Wednesday, September 28, 2011

Flooding the rumor mill

In a recent TIMN podcast, Joshua Topolsky stated that he had no idea what the next iPhone would look like because there are so many rumors about the device. This got me thinking, what if that was Apple's strategy all along. And, if not, should it be?

Apple plays things close to the vest. Inevitably, however, plans leak out or a prototype gets left behind in a bar. Apple fights vehemently to dispel the rumors and to recover lost devices. What if they took a different approach? Instead of secrecy and tight lips, what if there was a steady stream of rumors coming from the company - through unofficial sources, not PR - and seed fake devices were intentionally left in bars, airports, etc.?

Employees could be randomly assigned rumors or tidbits of fake plans then encouraged to "leak" them to tipsters at technology blogs and other websites, spread among friends outside the company, etc. Likewise, Apple could create 10-20 fake iDevices, ranging from incremental updates to flat-out ridiculous concepts. Then task employees with "accidentally" leaving them behind. One key would be to include Foxconn, or at least the impression of Foxconn, as one of the sources of leaking information and/or devices. It would probably be good to include a case or accessory partner in the shenanigans as well, since that's a common source of industrial design leaks.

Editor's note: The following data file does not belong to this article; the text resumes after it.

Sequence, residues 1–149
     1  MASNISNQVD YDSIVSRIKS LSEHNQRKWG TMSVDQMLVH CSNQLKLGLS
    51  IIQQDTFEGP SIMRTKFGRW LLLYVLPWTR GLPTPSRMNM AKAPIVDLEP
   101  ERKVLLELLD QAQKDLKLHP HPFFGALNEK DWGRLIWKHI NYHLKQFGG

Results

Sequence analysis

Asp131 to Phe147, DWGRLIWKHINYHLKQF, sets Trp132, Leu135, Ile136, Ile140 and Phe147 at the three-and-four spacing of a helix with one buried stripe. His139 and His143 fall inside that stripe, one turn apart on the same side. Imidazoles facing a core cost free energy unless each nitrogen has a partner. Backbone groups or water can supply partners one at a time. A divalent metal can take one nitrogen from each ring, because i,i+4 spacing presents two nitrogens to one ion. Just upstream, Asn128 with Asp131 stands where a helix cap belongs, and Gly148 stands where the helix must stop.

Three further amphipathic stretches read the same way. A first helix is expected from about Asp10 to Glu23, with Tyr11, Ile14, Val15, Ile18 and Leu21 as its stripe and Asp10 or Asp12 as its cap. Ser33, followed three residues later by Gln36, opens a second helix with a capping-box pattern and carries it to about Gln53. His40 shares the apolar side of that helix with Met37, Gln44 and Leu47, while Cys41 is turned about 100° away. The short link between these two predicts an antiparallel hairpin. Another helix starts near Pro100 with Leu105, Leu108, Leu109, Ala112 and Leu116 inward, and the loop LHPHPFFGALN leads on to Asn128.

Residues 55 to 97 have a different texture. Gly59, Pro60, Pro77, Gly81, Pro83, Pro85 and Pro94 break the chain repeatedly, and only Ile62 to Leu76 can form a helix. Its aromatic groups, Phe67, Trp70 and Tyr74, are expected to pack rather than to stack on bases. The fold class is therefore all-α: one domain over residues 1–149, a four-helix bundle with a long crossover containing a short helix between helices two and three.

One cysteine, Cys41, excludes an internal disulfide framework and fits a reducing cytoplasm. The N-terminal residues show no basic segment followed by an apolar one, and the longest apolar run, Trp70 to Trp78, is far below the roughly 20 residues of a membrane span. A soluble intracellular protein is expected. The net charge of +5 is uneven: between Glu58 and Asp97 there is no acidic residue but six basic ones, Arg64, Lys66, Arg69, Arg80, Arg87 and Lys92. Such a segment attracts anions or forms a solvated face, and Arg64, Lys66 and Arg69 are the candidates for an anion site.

Eventually, there would be so much misinformation in the tech press that one wouldn't be able to discern a true leak from the noise.

I know what you're thinking. This would be impractical and improbable. But wouldn't it be fun?

T

[Update:  Either Topolsky reads my blog (unlikely) or we're on the exact same page.  On this week's podcast he alluded to this exact same strategy.]

2 comments:

  1. It's an interesting strategy, but one that is unlikely to work most of the time. With most companies, people just wouldn't care about the leaks or "leaks" enough to make a difference either way.

    For Apple, the rumor-generation machine functions perfectly well without their involvement in the process, with an amazing number of people busy mocking up all kinds of things.

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  2. I saw that Ryan Block from gdgt thought the same thing - that Apple is sowing some false leads. If so, I think they should've spread false rumours that were less exciting than what they actually announced.

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